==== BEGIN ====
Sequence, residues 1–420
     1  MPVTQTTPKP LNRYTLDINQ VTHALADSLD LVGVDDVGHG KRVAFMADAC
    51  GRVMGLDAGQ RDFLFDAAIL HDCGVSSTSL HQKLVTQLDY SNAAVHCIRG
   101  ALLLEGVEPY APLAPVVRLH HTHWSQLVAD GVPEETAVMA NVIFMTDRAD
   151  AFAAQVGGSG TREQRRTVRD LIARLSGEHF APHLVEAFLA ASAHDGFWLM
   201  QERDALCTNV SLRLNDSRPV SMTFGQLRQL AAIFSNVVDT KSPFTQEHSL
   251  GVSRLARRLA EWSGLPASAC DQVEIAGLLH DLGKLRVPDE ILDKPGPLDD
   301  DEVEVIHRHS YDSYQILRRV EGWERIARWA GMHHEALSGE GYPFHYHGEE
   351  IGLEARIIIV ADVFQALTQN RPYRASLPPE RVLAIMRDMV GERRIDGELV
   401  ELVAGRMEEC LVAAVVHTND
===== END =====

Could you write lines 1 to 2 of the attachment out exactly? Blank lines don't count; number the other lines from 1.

Sequence, residues 1–420
     1  MPVTQTTPKP LNRYTLDINQ VTHALADSLD LVGVDDVGHG KRVAFMADAC